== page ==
A gung ho Marine recruiter featured in Michael Moore’s antiwar film, Fahrenheit 9/11, has died from wounds suffered in the Iraq War.

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One of the most memorable scene in Michael Moore’s controversial documentary, “Fahrenheit 9/11,” featured two Marine recruiters desperately trying to enlist recruits outside a shopping mall. Now one of them has died in Iraq.

Marine Staff Sgt. Raymond J. Plouhar, 30, died Monday of wounds suffered while conducting combat operations in Anbar province, the Pentagon has announced.

The Oakland Press in the Marine’s native Michigan reports that Plouhar “joined the Marine Corps in 1995 and was the recipient of several awards of distinction, including the Marine Corps Good Conduct Medal, the Sea Service Deployment Ribbon and the Marine Corps Recruiting Ribbon.”

Plouhar’s father said Tuesday that his son only had 38 days left in Iraq. “I’m devastated, sad and proud,” he told the Press. “This just makes me devoted even more to his belief that people need help in Iraq, and he felt that he was helping.”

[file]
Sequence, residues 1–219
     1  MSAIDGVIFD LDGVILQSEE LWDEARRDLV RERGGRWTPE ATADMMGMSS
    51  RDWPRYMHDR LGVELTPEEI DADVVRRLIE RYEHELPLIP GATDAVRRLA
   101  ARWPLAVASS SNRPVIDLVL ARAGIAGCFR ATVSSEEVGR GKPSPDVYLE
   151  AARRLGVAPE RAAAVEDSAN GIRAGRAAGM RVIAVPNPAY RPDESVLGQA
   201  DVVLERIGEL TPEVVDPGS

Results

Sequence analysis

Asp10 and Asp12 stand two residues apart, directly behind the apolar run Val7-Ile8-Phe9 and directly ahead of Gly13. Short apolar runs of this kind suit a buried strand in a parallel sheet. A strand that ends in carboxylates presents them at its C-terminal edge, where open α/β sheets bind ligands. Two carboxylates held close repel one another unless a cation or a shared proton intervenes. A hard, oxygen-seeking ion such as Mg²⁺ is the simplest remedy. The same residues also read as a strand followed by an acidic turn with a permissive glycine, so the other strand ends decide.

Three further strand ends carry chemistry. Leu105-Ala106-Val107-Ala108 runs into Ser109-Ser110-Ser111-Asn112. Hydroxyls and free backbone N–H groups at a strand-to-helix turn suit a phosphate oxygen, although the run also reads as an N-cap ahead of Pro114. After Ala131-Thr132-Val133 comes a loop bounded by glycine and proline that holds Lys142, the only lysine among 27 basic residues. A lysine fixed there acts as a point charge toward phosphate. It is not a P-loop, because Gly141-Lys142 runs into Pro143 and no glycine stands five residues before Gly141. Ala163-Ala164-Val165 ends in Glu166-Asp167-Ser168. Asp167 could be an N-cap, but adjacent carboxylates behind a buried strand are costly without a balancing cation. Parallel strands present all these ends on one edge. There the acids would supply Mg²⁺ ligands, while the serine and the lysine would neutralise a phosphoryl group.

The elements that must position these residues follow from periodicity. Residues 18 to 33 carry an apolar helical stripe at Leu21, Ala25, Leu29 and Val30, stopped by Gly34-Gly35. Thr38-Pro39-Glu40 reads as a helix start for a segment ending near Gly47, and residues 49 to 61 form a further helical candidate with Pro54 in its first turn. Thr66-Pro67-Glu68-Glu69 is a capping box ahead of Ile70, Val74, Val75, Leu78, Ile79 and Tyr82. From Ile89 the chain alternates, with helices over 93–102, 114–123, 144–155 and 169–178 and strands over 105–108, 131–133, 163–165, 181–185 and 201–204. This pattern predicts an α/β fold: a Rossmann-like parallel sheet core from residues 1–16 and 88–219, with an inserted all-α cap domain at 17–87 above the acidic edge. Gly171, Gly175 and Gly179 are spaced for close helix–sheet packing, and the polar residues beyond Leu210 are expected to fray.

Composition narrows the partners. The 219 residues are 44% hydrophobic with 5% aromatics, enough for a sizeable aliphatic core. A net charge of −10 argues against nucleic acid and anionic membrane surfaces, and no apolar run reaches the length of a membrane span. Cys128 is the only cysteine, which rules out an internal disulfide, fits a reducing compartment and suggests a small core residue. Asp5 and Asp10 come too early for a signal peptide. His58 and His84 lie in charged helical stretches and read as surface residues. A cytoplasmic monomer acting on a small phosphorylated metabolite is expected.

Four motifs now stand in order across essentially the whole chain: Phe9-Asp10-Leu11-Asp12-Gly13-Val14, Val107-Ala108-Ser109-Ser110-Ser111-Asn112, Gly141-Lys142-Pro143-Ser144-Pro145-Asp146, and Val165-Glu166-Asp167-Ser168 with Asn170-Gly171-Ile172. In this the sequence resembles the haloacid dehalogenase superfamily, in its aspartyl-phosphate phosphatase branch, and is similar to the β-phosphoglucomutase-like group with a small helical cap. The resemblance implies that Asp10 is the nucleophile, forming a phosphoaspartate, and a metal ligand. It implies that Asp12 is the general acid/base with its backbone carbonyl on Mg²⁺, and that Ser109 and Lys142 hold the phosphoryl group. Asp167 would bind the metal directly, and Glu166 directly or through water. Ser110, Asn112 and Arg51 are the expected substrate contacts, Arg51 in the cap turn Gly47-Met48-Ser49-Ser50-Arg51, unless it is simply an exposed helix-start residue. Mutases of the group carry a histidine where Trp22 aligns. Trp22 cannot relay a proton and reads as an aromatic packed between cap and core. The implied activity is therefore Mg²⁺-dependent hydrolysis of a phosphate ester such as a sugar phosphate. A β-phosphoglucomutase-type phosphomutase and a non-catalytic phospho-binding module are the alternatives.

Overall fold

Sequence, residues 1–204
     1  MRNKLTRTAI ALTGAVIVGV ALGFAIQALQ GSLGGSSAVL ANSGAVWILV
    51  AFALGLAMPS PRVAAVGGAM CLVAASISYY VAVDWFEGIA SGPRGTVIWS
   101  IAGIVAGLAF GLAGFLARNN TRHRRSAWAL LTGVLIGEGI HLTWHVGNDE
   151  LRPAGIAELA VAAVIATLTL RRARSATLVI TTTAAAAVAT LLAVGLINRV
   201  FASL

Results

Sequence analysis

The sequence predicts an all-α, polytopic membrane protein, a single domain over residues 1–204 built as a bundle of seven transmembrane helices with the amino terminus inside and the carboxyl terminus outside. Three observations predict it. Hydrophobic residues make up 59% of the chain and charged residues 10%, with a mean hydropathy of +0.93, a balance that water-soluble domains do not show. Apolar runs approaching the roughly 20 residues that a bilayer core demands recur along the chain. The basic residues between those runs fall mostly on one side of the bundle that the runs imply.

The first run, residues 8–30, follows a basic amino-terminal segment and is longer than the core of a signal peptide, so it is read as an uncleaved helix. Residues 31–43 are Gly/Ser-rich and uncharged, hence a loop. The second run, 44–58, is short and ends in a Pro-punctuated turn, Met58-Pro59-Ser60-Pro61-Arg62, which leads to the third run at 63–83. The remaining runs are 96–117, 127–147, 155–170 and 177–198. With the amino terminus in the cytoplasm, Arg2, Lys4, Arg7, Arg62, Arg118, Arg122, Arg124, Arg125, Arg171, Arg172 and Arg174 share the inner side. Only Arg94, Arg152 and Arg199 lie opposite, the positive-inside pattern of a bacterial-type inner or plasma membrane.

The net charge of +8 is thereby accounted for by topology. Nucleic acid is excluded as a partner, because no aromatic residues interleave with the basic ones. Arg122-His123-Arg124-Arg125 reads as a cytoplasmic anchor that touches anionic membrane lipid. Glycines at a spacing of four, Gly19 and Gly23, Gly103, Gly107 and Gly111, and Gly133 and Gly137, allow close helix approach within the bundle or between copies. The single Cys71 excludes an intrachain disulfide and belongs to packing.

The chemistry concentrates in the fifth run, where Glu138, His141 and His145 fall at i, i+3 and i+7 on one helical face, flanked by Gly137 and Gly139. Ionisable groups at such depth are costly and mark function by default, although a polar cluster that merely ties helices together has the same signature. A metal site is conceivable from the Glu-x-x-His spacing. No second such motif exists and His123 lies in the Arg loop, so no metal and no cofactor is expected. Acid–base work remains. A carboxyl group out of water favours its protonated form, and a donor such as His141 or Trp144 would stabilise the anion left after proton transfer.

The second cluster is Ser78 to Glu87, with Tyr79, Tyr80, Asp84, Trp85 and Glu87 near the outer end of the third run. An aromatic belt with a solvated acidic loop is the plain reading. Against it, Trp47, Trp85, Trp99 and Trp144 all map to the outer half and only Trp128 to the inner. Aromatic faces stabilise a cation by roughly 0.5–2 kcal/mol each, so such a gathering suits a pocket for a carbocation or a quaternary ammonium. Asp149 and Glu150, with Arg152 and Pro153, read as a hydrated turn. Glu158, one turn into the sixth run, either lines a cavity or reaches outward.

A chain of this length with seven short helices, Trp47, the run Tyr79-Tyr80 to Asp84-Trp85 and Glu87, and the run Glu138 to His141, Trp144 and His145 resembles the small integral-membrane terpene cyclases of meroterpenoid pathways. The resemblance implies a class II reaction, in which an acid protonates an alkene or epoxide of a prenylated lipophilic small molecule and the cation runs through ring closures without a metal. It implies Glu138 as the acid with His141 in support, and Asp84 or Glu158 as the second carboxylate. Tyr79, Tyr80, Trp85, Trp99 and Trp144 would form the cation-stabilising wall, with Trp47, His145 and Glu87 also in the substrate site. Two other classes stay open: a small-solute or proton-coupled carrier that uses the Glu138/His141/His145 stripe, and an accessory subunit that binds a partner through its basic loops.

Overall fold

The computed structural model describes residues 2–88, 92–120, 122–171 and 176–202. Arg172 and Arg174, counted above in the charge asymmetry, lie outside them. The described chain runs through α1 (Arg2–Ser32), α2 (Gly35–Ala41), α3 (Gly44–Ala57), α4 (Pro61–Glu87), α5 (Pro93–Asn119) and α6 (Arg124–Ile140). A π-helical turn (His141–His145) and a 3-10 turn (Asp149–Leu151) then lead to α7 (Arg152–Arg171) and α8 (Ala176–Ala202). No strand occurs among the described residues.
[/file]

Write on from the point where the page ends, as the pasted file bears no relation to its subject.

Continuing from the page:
The Marine took four years off from active duty to serve as a recruiter in Flint, Mich. after donating one of his kidneys to his uncle, his father said. “We need to resolve the war,” he said. “If we walk out now, my son died for nothing and that will make me mad.”

Plouhar, according to his parents, appeared willingly in the Moore film but hated the results, as he felt it was against the war in Iraq.

At one point in the film, according to the transcript, Plouhar explains how he approaches the possible recruits: “It’s better to get them when they’re ones and twos. And work on them that way.” He also says: “Right now there is somebody out there who wants to be a Marine but has no idea how to do it.”